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Trends in Juvenile Violence: A Report to the United States Attorney General on Current and Future Rates of Juvenile Offending

NCJ Number
170379
Date Published
November 1996
Length
18 pages
Author(s)
James Alan Fox Ph.D.
Agencies
BJS
Publication Type
Survey
Annotation
This report presents statistics on juvenile homicide victimization and homicides committed by juveniles in 1996, as well as information on other juvenile violence, juvenile demographic characteristics, and trends since 1976, based on data from the FBI's Uniform Crime Reporting program and the National Crime Survey.
Abstract
The discussion notes that the rate of murder committed by adolescents ages 14-17 increased 172 percent from 1985 to 1994. The rate of killing increased sharply for both black and white male teenagers, but not for females. The largest increase in juvenile homicide involved offenders who were friends and acquaintances of their victims. The data on age patterns also reveals that the overall decline in crime committed by people of all age obscures the differing trends for youth and adults. The recent increase in youth crime occurred while the population of teenagers was declining. This demographic trend will change, because 39 million children are under age 10 and will soon reach their high-risk years. Therefore, the country probably will experience a future wave of youth violence that will be even worse than that of the past 10 years. The challenge for the future is how best to address youth violence. Juvenile violence will be an increasing problem unless society undertakes a major effort to educate and support young children and preadolescents today. Tables and figures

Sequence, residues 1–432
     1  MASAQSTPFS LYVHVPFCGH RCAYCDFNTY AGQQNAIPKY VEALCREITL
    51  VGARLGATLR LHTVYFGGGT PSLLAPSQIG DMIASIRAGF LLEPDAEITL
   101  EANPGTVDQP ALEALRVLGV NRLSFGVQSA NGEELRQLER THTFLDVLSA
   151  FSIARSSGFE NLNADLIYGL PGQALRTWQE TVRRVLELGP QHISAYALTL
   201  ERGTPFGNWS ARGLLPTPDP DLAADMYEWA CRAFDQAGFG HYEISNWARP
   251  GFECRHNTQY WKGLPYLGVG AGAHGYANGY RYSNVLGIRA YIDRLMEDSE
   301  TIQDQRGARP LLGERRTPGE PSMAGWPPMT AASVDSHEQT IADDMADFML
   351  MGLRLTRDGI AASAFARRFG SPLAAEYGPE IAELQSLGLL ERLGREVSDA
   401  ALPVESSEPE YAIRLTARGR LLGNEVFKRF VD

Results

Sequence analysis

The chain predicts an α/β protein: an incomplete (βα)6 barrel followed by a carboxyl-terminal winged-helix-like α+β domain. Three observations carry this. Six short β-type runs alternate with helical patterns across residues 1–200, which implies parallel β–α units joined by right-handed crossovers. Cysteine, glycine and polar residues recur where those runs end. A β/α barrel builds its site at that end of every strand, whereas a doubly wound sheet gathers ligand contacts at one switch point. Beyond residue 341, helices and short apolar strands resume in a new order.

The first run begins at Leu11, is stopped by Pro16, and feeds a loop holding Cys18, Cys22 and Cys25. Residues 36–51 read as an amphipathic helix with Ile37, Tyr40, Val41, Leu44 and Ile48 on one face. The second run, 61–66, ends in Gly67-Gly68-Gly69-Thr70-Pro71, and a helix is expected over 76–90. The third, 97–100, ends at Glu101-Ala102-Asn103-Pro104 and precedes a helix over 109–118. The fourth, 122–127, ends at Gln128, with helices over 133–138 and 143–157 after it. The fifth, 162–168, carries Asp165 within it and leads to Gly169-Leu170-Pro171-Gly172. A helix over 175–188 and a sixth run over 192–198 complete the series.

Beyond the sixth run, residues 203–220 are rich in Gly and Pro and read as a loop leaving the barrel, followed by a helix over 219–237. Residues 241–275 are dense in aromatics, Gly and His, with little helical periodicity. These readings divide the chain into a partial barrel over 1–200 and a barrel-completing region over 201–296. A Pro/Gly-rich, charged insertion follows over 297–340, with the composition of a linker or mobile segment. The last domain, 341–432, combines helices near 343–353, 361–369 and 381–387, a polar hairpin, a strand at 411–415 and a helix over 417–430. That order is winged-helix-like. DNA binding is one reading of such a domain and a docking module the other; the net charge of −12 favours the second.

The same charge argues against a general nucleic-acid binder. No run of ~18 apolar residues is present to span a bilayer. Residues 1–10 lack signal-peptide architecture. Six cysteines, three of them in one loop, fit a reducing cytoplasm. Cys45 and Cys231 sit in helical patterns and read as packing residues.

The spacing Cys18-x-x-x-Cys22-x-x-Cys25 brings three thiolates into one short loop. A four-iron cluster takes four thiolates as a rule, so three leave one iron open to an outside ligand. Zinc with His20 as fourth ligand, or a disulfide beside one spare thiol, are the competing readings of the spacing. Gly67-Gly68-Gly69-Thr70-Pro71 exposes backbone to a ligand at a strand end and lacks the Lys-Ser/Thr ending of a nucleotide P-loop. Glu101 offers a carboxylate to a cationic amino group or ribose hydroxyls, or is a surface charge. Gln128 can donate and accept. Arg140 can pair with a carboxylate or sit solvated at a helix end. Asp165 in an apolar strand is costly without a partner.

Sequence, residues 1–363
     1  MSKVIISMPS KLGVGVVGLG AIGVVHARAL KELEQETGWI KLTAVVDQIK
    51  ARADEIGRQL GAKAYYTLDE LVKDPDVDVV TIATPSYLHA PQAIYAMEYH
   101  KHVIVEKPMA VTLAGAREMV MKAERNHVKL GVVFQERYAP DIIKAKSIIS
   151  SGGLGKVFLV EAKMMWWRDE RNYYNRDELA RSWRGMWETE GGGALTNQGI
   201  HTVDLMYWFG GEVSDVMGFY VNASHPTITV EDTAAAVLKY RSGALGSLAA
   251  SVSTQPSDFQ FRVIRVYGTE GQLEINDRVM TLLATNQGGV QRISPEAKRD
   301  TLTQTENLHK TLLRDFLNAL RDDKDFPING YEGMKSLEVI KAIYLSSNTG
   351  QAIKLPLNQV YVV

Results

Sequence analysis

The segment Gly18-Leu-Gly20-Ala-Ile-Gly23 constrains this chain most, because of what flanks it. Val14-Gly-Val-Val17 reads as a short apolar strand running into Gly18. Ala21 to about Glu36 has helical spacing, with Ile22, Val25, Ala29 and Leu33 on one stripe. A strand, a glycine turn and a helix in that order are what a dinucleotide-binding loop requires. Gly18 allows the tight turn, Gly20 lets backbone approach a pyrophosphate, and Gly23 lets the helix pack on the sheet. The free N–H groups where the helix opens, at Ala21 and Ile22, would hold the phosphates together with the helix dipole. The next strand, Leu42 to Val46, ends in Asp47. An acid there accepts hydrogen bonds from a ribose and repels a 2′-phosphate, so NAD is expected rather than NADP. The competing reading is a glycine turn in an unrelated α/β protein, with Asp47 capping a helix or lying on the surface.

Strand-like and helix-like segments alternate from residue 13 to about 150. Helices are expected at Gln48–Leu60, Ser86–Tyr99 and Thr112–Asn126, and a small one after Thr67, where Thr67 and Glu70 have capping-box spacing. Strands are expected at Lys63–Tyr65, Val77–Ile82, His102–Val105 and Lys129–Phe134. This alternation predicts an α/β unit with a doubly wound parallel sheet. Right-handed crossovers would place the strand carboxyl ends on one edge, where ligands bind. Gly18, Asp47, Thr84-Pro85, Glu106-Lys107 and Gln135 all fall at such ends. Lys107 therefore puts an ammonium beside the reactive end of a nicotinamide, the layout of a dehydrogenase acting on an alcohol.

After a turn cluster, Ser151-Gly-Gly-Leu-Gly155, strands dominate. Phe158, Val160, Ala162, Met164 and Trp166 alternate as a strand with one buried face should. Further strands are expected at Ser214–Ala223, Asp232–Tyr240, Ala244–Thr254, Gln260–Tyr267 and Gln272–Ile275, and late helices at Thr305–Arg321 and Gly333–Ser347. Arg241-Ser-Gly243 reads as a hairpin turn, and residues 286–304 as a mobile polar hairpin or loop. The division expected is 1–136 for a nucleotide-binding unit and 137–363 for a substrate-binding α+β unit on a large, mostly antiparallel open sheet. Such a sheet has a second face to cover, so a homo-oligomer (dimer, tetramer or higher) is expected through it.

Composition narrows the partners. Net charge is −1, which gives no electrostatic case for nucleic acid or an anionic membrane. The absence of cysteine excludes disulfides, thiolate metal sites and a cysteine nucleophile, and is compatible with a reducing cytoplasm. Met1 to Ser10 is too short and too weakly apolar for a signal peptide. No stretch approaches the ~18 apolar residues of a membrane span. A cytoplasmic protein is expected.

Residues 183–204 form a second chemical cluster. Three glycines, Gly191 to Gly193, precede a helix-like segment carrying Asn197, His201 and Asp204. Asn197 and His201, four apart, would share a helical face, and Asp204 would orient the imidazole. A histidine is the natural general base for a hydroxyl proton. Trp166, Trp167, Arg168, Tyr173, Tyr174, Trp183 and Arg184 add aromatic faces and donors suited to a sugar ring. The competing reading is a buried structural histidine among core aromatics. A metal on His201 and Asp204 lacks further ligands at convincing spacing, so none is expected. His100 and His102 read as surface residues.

Date Created: December 28, 2009